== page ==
Buttons can add a striking contrast to your garment, or they can blend in subtly with the knit fabric. You can also make perfectly matching crochet buttons, which are shown here.

The button should be appropriate to the yarn. For example, leather or stone buttons work best on tweedy, rugged yarns for outdoor garments, and fancy glass buttons are best suited to tailored or dressy styles.

Take along a yarn sample when you buy buttons to find a good match. If possible, purchase an extra button or two to replace any you may lose.

Match the size of your button carefully to the size of your buttonhole so that the button will fit properly.

Buttons that cannot be washed should always be removed before cleaning. When you purchase buttons, look for any special care instructions on the package.

crochet buttons
crochet button with ring
Crochet Button With Ring
stuffed crochet button
Stuffed Crochet Button
This type of button is made with a small plastic ring about ½"/1.5cm wide. 1. Leaving a 6"/15cm tail, make a slip knot and work single crochets tightly around the ring. Join the last single crochet to the first. Cut the yarn, leaving an 8"/20cm strand and pull through the last loop. 2. Thread the 8"/20cm strand through a yarn needle and pick up the outside loop from every other single crochet. Gather them together and pull the strand to the back. Tie this strand tightly to the other one and use it to sew on the button.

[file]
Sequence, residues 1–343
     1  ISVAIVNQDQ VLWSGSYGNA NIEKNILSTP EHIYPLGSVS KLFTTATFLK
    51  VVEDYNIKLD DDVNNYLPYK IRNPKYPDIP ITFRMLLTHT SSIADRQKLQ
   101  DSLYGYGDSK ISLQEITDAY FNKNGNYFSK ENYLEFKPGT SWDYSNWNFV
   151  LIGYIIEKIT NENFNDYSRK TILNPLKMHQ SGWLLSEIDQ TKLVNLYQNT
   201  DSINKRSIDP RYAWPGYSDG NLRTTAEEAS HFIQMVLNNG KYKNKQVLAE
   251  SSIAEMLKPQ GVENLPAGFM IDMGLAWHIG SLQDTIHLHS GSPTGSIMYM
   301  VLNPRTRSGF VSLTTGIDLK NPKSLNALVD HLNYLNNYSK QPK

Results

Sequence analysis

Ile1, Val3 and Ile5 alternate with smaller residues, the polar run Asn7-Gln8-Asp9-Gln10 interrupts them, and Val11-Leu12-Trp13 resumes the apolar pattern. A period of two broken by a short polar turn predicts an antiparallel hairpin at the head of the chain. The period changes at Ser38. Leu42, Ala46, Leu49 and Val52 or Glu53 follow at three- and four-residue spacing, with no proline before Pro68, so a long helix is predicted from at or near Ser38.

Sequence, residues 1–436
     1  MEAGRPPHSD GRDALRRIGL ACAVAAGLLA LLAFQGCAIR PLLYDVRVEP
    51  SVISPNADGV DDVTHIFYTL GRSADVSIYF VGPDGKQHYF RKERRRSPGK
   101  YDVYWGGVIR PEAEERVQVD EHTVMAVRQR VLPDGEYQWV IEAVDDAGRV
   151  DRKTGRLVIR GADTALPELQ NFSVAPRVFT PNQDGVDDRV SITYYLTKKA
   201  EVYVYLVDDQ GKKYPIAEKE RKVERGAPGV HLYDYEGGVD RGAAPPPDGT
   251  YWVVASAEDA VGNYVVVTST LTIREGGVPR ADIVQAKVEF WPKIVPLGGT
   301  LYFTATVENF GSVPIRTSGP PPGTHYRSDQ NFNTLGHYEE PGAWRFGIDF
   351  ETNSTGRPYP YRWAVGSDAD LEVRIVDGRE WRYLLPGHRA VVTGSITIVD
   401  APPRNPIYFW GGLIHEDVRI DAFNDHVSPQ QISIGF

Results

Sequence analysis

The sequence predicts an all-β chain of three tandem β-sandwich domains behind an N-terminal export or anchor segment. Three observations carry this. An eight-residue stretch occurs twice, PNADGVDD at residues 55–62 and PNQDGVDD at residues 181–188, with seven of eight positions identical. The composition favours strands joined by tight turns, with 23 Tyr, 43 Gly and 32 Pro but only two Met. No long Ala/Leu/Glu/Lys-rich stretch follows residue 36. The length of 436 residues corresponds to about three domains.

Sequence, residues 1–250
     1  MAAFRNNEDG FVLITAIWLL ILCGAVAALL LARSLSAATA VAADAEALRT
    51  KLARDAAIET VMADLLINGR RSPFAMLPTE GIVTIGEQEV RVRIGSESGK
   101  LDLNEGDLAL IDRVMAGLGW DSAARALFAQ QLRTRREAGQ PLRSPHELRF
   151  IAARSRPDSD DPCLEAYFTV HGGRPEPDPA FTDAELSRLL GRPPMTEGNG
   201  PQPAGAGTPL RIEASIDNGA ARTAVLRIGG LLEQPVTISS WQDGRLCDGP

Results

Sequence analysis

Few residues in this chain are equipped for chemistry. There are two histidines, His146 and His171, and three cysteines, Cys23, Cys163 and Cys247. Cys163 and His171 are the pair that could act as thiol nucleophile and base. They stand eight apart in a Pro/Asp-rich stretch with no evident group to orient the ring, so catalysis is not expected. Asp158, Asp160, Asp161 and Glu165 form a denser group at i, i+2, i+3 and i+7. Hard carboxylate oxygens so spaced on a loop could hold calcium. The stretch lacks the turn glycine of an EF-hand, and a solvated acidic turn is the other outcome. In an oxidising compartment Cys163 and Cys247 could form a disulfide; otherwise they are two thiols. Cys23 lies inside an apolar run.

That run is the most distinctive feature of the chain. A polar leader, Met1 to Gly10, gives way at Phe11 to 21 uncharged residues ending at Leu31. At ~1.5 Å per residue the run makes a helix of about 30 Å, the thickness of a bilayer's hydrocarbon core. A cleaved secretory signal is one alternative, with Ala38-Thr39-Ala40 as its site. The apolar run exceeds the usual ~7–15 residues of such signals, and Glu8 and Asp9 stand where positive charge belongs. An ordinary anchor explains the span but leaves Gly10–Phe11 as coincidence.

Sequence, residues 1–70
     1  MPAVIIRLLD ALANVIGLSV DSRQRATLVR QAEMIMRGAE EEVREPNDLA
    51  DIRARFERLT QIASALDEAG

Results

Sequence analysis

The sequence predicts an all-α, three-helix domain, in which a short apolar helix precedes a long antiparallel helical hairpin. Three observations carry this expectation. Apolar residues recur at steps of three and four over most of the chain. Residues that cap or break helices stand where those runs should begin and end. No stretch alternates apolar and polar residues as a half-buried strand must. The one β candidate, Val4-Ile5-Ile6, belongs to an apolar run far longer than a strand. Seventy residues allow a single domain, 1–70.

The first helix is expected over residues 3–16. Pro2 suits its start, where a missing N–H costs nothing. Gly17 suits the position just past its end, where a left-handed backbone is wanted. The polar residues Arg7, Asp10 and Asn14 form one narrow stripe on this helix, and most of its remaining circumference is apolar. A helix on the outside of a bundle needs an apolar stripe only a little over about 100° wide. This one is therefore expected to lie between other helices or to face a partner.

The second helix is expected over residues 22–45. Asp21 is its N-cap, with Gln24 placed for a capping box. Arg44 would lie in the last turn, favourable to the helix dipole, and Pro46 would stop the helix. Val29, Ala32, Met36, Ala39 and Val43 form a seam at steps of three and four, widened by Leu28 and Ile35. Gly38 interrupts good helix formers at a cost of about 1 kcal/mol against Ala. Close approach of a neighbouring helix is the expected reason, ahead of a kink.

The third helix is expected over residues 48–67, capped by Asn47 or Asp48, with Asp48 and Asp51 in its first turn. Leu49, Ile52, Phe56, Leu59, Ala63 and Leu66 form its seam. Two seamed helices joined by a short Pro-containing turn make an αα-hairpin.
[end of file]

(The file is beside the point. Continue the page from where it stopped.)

1. Make a slip knot and chain three. Slip stitch into the first chain to join. Work two single crochets into each of the three chains. Continue to increase until there are 12 single crochets. To decrease on the next round, work two single crochets together six times. Cut the yarn, leaving an 8"/20cm strand. Stuff the button with matching yarn. 2. Work the second step as for the crochet button with ring.


To sew on buttons, you can use yarn (if it goes through the button) or matching thread. When sewing on metal buttons, which tend to cut the thread, you may wish to use waxed dental floss. Double the thread and tie a knot on the end. Then slip your button onto the needle and thread. You can further secure the button with a square of fabric or felt at the back, which is especially desirable on garments that receive heavy wear, such as jackets.

sewing on buttons
sewing on buttons    

Knotted thread has a tendency to pull through knit fabric. Lock it in place by inserting thread into fabric on the right side and through the doubled thread as shown here. Clip knotted end.


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